5 Tips For Managing Client Expectations
Acquiring new clients is challenging. Try turning existing clients into repeat clients by managing their project expectations.
Companies invest a lot of time and money in getting their name out into the world so they can gain new clients. While customer acquisition is obviously important, customer retention should be the main priority.
Growing healthy and long-lasting relationships with customers is easier, less stressful on business-owners and cost-effective. According to a study by Invesp, a conversion rate optimization company, attracting a new customer costs five times more than keeping an existing one.
Here are five ways companies can work better with customers and establish themselves as a place people will want to work with time and time again.
Develop Clear and Open Lines of Communication
Communication between contractors and their clients is one of the most critical pieces of any construction project. Chances are, homeowners will have a pretty specific idea of how they want a project to end up, and contractors will have a good idea of whether or not that vision is actually possible. Develop an environment where communication between homeowners and contractors is open, clear, and honest. Clarify any and all aspects of a project so that clients do not have any unspoken expectations. There cannot be trust without honesty (from both parties) and establishing trust will go a long way towards creating repeat customers.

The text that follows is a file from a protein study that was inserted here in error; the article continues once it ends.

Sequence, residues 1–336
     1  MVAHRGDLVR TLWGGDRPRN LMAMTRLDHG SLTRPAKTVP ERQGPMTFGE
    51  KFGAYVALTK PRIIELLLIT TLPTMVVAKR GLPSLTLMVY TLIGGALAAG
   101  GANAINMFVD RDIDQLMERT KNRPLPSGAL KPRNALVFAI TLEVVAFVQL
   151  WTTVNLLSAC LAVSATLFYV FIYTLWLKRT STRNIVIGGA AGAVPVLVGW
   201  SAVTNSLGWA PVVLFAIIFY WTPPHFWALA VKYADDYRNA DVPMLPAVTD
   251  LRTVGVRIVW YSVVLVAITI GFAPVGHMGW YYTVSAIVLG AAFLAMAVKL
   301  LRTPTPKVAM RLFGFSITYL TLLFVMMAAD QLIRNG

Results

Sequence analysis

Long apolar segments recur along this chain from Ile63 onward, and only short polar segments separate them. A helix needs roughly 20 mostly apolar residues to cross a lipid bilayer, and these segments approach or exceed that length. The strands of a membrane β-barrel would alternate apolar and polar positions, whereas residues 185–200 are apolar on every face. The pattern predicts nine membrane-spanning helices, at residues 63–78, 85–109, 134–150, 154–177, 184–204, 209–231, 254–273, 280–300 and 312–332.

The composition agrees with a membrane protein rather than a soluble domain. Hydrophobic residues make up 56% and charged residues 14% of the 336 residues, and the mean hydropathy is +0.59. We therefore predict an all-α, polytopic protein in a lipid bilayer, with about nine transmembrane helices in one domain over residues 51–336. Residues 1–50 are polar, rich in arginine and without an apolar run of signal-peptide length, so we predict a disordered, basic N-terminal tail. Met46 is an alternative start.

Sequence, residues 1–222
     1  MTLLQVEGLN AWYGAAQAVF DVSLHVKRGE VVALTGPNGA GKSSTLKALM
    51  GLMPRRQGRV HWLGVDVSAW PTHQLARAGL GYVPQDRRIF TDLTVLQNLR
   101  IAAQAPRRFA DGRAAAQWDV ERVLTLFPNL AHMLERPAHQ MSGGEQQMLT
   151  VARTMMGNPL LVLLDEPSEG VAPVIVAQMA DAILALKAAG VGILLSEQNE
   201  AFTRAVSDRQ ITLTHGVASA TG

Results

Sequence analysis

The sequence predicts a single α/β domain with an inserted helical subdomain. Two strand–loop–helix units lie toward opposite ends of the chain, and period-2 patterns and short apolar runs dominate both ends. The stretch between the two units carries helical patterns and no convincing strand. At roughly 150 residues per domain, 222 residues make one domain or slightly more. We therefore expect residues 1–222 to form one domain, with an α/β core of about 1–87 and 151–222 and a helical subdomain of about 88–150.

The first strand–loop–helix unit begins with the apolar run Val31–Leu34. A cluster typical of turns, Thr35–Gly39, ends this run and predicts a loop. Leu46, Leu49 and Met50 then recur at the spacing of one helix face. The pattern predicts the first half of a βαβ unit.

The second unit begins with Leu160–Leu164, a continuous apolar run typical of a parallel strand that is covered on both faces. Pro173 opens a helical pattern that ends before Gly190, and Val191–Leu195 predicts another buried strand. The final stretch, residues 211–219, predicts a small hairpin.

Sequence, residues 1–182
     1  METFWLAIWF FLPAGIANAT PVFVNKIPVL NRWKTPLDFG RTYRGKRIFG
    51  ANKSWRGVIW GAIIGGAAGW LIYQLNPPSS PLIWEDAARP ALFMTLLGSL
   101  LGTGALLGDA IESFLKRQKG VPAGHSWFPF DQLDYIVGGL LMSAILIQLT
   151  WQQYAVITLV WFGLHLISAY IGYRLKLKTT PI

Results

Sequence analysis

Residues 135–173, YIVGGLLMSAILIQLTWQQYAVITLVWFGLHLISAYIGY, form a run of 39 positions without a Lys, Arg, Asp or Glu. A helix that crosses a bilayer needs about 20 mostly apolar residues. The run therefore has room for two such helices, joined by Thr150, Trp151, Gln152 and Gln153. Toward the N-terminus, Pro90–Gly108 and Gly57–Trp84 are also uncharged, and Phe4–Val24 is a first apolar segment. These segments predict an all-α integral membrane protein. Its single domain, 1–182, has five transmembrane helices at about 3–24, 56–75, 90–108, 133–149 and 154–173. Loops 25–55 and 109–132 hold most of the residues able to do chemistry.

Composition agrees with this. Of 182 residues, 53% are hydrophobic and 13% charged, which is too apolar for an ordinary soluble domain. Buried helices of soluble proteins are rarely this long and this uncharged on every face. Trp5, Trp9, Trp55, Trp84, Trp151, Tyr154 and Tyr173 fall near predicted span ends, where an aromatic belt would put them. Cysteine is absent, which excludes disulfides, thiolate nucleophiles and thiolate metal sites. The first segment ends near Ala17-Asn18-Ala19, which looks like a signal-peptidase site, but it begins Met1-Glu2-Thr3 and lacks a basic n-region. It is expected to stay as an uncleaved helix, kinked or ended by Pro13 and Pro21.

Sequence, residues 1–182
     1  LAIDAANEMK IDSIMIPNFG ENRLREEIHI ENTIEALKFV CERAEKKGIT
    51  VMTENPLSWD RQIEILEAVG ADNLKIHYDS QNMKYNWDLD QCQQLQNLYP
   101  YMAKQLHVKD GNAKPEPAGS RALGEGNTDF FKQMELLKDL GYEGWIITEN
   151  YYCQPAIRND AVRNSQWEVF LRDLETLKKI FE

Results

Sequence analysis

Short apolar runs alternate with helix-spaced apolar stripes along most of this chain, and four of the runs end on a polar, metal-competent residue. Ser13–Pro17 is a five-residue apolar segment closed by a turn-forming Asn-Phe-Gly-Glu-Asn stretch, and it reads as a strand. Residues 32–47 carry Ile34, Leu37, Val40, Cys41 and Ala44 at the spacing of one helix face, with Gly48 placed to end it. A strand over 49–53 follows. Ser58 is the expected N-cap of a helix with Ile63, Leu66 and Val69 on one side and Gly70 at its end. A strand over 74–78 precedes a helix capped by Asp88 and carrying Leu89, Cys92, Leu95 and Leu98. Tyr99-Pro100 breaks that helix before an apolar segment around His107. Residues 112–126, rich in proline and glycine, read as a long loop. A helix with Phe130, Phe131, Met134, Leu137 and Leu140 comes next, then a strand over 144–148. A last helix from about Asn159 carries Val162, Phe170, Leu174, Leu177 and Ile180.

Listen and Take Notes
Communication is great, but paying attention to and keeping a record of that communication is essential. Any time a decision is made regarding a renovation project, it should be recorded. Clients and contractors are busy people, and some projects can take a long time. Pay attention to customers, listen to their suggestions, and then write it down. Keeping a detailed record of all communication might seem like a pain, but it could really help clarify things in the long run.
People who are hiring construction companies are often literally paying strangers to come into their own homes. Be mindful of that. Anyone who steps foot in a house – from employees to subcontractors to contractors themselves – should present themselves in a professional manner. This will set the tone for the working relationship and let the clients know what they can expect throughout the project.
Many contractors like to think they are the best at what they do. That does not mean that every contractor is capable of everything their clients might want them to do. For example, clients may get big ideas for what can be accomplished during a renovation from a TV show or a magazine article. If a contractor says yes to everything without taking into consideration the skills of their own crew, they are setting themselves up for failure. The best way to manage expectations is to set realistic expectations on the front end.
Follow Up Post-Project
Contractors should schedule a time after a project has been finished to do a walk-through with the clients. This shows customers that contractors hold themselves accountable for the work done by their company and are proud of the finished product. This is also a good time to break out the notes and double check that everything that was promised was delivered. Plus, by walking through the finished project, contractors can potentially spot other areas in a house that might need work. If customers are thrilled with a contractor’s work on their first project, they will be more open to hiring that company again.